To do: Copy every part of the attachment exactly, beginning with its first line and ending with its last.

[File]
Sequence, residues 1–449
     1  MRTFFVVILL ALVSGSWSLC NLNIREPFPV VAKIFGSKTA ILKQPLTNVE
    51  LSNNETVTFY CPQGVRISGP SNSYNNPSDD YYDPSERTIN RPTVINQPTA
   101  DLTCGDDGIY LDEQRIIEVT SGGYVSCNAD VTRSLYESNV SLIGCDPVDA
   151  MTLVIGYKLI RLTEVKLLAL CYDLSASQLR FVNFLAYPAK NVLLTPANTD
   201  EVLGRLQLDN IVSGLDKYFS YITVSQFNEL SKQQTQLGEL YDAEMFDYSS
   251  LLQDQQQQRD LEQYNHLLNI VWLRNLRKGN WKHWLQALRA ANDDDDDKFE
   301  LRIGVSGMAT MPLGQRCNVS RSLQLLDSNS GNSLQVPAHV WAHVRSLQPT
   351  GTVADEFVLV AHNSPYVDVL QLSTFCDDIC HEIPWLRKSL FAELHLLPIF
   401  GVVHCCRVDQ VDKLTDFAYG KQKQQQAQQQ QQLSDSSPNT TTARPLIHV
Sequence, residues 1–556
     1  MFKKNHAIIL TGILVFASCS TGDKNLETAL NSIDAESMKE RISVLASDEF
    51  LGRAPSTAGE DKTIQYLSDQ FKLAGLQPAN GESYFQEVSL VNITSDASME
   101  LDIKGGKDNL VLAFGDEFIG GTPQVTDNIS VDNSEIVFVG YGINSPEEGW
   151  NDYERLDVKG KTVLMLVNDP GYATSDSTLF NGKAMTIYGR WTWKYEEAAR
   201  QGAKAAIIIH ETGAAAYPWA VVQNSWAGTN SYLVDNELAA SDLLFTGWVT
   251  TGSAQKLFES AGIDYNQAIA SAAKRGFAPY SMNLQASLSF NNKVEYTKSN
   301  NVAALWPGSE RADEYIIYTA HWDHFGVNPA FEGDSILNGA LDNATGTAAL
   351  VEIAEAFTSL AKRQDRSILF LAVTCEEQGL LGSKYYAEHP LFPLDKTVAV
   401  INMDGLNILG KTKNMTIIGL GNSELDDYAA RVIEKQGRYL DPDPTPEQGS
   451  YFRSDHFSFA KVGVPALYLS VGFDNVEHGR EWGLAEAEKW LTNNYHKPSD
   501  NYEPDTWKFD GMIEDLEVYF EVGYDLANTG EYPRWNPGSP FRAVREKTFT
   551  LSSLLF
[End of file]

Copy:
Sequence, residues 1–449
     1  MRTFFVVILL ALVSGSWSLC NLNIREPFPV VAKIFGSKTA ILKQPLTNVE
    51  LSNNETVTFY CPQGVRISGP SNSYNNPSDD YYDPSERTIN RPTVINQPTA
   101  DLTCGDDGIY LDEQRIIEVT SGGYVSCNAD VTRSLYESNV SLIGCDPVDA
   151  MTLVIGYKLI RLTEVKLLAL CYDLSASQLR FVNFLAYPAK NVLLTPANTD
   201  EVLGRLQLDN IVSGLDKYFS YITVSQFNEL SKQQTQLGEL YDAEMFDYSS
   251  LLQDQQQQRD LEQYNHLLNI VWLRNLRKGN WKHWLQALRA ANDDDDDKFE
   301  LRIGVSGMAT MPLGQRCNVS RSLQLLDSNS GNSLQVPAHV WAHVRSLQPT
   351  GTVADEFVLV AHNSPYVDVL QLSTFCDDIC HEIPWLRKSL FAELHLLPIF
   401  GVVHCCRVDQ VDKLTDFAYG KQKQQQAQQQ QQLSDSSPNT TTARPLIHV
Sequence, residues 1–556
     1  MFKKNHAIIL TGILVFASCS TGDKNLETAL NSIDAESMKE RISVLASDEF
    51  LGRAPSTAGE DKTIQYLSDQ FKLAGLQPAN GESYFQEVSL VNITSDASME
   101  LDIKGGKDNL VLAFGDEFIG GTPQVTDNIS VDNSEIVFVG YGINSPEEGW
   151  NDYERLDVKG KTVLMLVNDP GYATSDSTLF NGKAMTIYGR WTWKYEEAAR
   201  QGAKAAIIIH ETGAAAYPWA VVQNSWAGTN SYLVDNELAA SDLLFTGWVT
   251  TGSAQKLFES AGIDYNQAIA SAAKRGFAPY SMNLQASLSF NNKVEYTKSN
   301  NVAALWPGSE RADEYIIYTA HWDHFGVNPA FEGDSILNGA LDNATGTAAL
   351  VEIAEAFTSL AKRQDRSILF LAVTCEEQGL LGSKYYAEHP LFPLDKTVAV
   401  INMDGLNILG KTKNMTIIGL GNSELDDYAA RVIEKQGRYL DPDPTPEQGS
   451  YFRSDHFSFA KVGVPALYLS VGFDNVEHGR EWGLAEAEKW LTNNYHKPSD
   501  NYEPDTWKFD GMIEDLEVYF EVGYDLANTG EYPRWNPGSP FRAVREKTFT
   551  LSSLLF